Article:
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The Human Landscape: Population Origins, Settlement and Impact of Human Arrival in Aotearoa/New Zealand

  • Elizabeth Matisoo-Smith
Chapter
Part of the Atlantis Advances in Quaternary Science book series (AAQS, volume 3)

Abstract

The settlement of the Polynesian Triangle, culminating with the settlement of Aotearoa/New Zealand within the last 750 years, represents the last major migration event of humans as they dispersed across the globe. Despite this relatively short human history in the region, humans have had a significant impact on the island environments they inhabited. Reconstructing the process of Polynesian settlement, including population origins, the timing of arrival and size of colonising populations as well as those of the animals they introduced, will not only allow us to better understand the true impact of human arrival in Aotearoa, but help us appreciate the broader impact of humans on the environment and of the environment on humans. Both ancient and modern DNA studies of humans and the plants and animals they introduced to the island environments they settled can help us to reconstruct these population histories and therefore better address these important questions. Similarly, ancient DNA analyses of the remains of native fauna can provide key information regarding the true impacts of human arrival in island ecosystems.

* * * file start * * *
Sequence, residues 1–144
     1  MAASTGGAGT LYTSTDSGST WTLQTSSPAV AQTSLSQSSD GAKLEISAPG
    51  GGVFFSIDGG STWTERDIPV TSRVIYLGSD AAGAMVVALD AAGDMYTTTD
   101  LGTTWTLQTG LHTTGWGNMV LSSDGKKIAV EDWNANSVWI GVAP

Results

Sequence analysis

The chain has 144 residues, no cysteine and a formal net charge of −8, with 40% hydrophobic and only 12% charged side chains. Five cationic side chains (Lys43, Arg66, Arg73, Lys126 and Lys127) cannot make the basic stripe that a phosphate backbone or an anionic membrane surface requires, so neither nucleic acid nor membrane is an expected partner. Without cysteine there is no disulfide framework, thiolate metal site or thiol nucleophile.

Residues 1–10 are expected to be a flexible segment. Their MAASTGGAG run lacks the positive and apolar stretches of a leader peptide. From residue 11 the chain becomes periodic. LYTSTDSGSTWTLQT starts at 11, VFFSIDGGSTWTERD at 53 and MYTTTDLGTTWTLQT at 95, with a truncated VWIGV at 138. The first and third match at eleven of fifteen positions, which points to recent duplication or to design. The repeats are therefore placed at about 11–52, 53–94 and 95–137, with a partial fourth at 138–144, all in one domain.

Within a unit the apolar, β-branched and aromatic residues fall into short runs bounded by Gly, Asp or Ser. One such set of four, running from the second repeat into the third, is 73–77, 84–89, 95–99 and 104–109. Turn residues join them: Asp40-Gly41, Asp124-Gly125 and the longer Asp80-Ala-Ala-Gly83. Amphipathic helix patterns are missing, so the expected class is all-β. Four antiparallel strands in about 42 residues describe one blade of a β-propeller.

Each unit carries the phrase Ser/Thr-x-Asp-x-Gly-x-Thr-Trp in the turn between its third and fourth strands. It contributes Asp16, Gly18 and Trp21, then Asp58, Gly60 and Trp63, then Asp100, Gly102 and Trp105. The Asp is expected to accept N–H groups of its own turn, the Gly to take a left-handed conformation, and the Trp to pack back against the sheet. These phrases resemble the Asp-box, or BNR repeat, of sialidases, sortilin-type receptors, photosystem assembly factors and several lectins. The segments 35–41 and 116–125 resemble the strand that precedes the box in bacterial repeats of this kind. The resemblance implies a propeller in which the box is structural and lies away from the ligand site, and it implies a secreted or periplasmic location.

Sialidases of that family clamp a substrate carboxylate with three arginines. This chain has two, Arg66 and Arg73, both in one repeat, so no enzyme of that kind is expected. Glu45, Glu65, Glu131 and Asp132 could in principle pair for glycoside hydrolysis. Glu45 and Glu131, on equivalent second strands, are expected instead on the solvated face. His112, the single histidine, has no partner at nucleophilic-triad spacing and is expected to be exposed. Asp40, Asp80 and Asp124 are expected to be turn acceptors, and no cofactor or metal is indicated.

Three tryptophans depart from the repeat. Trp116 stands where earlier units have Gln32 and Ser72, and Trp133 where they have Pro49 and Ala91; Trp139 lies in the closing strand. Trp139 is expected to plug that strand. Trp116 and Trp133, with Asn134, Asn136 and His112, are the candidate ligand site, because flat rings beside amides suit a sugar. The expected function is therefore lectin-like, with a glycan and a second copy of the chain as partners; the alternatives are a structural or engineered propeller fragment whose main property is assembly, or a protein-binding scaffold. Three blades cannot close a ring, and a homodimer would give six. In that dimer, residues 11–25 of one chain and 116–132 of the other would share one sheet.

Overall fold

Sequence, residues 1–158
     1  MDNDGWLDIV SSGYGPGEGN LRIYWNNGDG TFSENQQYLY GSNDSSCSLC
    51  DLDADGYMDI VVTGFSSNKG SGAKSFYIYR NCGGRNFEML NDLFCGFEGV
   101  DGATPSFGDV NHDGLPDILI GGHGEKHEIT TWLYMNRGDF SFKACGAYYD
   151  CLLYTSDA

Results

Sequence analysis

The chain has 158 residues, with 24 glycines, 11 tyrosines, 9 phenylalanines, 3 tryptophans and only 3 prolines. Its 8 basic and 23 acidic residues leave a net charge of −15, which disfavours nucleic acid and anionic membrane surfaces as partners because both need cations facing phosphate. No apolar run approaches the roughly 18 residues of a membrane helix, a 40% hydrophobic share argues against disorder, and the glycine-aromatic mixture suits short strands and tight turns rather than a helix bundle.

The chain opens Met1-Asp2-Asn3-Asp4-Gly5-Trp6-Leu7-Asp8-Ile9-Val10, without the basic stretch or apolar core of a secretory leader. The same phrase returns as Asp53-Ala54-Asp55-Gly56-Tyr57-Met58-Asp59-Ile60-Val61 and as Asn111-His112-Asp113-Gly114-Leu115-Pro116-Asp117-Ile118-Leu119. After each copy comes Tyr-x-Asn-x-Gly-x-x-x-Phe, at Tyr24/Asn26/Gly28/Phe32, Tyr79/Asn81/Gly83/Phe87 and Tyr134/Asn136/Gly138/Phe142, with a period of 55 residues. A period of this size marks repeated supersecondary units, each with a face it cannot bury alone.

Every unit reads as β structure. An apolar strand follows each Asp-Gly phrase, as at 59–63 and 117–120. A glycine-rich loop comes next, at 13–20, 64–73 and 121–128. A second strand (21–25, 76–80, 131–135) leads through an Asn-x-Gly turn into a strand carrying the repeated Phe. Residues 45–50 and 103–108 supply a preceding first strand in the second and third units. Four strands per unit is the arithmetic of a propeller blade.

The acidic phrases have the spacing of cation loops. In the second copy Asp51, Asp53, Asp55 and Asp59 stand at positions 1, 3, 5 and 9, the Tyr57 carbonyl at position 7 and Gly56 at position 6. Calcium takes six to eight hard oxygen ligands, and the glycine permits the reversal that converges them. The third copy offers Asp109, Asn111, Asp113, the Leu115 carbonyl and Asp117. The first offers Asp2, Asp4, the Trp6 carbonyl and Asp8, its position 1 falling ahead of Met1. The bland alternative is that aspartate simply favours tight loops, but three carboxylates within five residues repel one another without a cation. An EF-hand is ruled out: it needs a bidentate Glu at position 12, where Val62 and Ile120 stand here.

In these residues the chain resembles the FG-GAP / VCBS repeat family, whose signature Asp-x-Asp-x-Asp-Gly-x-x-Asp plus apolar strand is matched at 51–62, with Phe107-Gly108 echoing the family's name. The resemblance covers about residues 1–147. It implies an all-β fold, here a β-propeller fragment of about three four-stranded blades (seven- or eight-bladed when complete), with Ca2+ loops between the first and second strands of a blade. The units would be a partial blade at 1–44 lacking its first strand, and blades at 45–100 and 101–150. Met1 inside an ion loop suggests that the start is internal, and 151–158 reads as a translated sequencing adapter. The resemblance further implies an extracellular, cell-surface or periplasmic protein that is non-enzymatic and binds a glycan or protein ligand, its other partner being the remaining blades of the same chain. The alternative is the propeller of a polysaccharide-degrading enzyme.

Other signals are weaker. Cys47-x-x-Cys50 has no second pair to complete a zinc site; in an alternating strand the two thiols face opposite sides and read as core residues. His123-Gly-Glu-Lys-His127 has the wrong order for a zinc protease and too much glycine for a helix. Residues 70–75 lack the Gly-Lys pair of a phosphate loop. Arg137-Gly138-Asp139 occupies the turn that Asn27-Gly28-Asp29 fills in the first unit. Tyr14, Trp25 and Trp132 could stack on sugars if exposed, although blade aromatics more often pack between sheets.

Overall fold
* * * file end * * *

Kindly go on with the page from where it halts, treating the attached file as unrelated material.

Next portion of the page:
Keywords

Founding Population Before Present Human Genome Diversity Project Austronesian Language Human Arrival 
These keywords were added by machine and not by the authors. This process is experimental and the keywords may be updated as the learning algorithm improves.

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Authors and Affiliations

  1. 1.Department of AnatomyUniversity of OtagoDunedinNew Zealand

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